whole economic condition of the country and the trade of the Empire, and
produce also a great feeling of exasperation between classes.' He
pressed them to consider whether, in the event of such an international
conflict, the whole brunt would not fall on Great Britain. In Belgium
and in France there was no such strength of organization as among them;
and a general strike succeeding in Great Britain, but failing on the
Continent, would be a national danger. He proposed, as an alternative,
co-operation with the British representatives of other trades, for whom
also Parliamentary interference was demanded. In the discussion which
followed, the weight of his argument was fully recognized, and a
resolution favouring the international strike was amended into one
calling for Parliamentary action.

In the following June Sir Charles Dilke attended the Miners'
International Congress, and spoke at the banquet given to foreign
delegates. A month later, when the General Election came on, 'thousands
of handbills and posters,' says Mr. Thomas Ashton, 'were sent to the
Forest of Dean by our federation recommending the workers to vote for
the working man's candidate.'

Nor were his public utterances on Labour questions limited to Great
Britain; request came from a society of the Belgian economists for a
lecture on some subject connected with Greater Britain, and he chose the
Australian strike and the position of Labour in the Colonies. This
discourse was delivered by Sir Charles in Brussels on his way back from
France at the beginning of 1891, and he then, he says, 'made the
acquaintance of all the leading people on both sides in that city.'

As early as May, 1891, Dilke had made up his mind (and stated it in a
letter to Count Herbert Bismarck) that the Liberal party would win the
next election. The question of the Leadership was raised at the end of
the session in a letter from Chamberlain:

'I am told that Mr. Gladstone is much shaken by his late illness,
and I cannot see how he can ever lead the House again, though his
name will always be a tower of strength in the constituencies.'

But in December Mr. Chamberlain said that he did not think the prospects
of a General Election were so good for Mr. Gladstone as they had been
six months ago.

'James, dining at my house, had said a long time before this that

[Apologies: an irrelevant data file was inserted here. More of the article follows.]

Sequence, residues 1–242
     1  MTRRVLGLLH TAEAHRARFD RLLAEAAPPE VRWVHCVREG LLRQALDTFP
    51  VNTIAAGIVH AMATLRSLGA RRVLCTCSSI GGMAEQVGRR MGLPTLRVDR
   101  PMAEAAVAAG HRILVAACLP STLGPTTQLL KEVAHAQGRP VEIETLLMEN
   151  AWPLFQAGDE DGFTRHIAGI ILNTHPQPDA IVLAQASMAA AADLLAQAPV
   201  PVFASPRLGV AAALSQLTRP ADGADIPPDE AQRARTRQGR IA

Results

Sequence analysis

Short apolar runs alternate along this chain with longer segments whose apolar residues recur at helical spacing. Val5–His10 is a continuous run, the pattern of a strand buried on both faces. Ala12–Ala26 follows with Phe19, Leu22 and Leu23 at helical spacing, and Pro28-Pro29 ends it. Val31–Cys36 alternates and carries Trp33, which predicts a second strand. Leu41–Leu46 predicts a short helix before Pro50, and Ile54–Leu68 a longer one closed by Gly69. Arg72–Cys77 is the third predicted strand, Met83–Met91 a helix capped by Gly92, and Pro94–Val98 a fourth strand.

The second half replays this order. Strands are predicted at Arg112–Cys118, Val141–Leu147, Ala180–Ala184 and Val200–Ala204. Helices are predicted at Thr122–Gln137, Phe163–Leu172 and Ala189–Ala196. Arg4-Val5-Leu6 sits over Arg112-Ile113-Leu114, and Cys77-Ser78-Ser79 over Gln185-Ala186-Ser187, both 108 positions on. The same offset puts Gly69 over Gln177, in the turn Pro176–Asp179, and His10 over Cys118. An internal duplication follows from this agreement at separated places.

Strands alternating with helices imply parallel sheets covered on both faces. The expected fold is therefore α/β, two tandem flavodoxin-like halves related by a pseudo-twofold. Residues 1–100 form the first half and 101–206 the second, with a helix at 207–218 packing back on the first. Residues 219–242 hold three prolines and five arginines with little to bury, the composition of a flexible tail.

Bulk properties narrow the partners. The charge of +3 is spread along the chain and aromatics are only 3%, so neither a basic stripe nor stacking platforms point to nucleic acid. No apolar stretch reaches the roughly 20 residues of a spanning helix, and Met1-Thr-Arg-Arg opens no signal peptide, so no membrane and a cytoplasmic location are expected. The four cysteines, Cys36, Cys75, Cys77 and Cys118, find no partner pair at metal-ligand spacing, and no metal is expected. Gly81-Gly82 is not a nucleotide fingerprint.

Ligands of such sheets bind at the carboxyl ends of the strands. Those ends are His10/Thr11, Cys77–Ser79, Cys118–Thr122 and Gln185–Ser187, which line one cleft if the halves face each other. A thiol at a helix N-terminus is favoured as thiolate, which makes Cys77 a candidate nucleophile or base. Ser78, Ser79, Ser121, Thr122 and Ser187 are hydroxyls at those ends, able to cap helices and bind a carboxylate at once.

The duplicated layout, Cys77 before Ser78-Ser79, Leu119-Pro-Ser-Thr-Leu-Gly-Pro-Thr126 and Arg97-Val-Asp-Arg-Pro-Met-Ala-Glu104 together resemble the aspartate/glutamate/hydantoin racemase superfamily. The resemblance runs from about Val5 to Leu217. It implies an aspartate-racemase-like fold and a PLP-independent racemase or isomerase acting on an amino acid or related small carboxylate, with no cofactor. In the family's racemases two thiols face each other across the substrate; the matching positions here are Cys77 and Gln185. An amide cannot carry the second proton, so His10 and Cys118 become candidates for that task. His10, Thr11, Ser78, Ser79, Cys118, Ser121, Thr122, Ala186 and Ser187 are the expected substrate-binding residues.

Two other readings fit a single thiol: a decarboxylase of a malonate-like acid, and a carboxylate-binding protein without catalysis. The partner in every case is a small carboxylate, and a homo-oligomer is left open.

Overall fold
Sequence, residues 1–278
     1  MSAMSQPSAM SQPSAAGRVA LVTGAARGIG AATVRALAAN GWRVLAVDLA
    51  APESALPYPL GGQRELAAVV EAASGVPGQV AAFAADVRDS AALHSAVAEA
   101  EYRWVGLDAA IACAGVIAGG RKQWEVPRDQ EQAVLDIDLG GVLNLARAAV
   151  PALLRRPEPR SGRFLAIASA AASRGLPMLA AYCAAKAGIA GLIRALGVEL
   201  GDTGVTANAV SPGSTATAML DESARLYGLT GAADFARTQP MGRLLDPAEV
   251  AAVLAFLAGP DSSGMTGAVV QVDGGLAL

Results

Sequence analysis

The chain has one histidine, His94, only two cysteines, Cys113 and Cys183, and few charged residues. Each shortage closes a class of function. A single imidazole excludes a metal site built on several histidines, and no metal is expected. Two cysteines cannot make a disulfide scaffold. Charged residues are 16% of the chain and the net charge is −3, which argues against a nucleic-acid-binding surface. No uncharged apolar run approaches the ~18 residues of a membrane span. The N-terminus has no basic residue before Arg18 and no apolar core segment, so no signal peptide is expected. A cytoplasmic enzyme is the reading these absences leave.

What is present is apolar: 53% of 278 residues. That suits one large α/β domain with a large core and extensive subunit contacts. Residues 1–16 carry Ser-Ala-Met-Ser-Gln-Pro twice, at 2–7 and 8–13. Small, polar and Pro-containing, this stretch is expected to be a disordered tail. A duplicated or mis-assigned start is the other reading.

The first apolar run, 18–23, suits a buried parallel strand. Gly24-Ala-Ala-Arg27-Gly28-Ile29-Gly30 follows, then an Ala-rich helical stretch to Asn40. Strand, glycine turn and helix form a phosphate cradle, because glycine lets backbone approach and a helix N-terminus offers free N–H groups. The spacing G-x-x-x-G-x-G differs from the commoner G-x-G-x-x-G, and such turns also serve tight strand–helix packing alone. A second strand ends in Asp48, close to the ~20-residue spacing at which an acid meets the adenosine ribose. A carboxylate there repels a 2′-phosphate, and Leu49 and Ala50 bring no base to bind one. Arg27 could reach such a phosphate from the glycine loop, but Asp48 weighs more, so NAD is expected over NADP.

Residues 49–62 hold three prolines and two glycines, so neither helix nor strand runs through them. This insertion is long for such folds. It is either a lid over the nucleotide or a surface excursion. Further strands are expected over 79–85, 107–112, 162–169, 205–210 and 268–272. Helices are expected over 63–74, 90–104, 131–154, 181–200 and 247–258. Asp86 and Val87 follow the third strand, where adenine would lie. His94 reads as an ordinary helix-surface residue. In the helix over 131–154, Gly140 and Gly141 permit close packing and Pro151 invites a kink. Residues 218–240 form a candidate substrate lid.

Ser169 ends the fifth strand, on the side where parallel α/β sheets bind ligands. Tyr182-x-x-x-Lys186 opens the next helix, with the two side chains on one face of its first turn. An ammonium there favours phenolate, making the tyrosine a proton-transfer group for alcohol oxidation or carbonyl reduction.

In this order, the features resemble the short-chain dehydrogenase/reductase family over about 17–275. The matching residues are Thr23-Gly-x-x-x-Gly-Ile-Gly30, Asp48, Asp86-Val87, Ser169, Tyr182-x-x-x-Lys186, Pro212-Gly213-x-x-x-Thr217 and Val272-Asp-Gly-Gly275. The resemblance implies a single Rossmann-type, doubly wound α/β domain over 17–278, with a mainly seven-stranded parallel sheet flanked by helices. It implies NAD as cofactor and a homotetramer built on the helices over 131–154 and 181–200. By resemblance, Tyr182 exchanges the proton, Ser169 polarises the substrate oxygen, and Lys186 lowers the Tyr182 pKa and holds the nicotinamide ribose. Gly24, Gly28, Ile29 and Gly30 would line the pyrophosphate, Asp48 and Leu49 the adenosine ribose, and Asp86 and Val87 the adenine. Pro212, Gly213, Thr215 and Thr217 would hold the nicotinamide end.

the prospects of the Liberals might look rosy, but that they had not
realized the extent to which the Liberal Unionists intended to spend
their money upon Labour candidates;' and this danger 'began to show
itself more clearly about this time.' On December 28th 'I had an
amusing letter from Cyril Flower:

'"Surely for a real good muddle in political affairs, Welsh, Irish,
Scotch, and English, there has never been a bigger, and what with
Pamellites and anti-Parnellites (Christian and anti-Christian)
Whigs, Labour candidates, Radicals, Tories, Jacobites, and Liberal
Unionists, the next House will be as rum a kettle of fish as ever
stewed since George III. The worst of it is, as the House gets more
and more divided (like the French Chambers) into sets, it also
becomes more and more incapable of getting through its business, and
the littleness of the individual members becomes daily more

The real difficulty for the Liberals was, however, the question of
leadership; and Sir Charles wrote an article in the _Speaker_ [Footnote:
September 5th, 1891.] in support of one of his few paradoxes--that Great
Britain would be better off without a Second Chamber, but that, given a
House of Lords, the Prime Minister should be a member of it. For this
reason he urged that though, 'when the moment has come for Mr. Gladstone
to think that he has earned a change into the position of adviser from
that of military chief, Sir William Harcourt will occupy the place he
pleases to assume--he will be able to make himself Prime Minister if he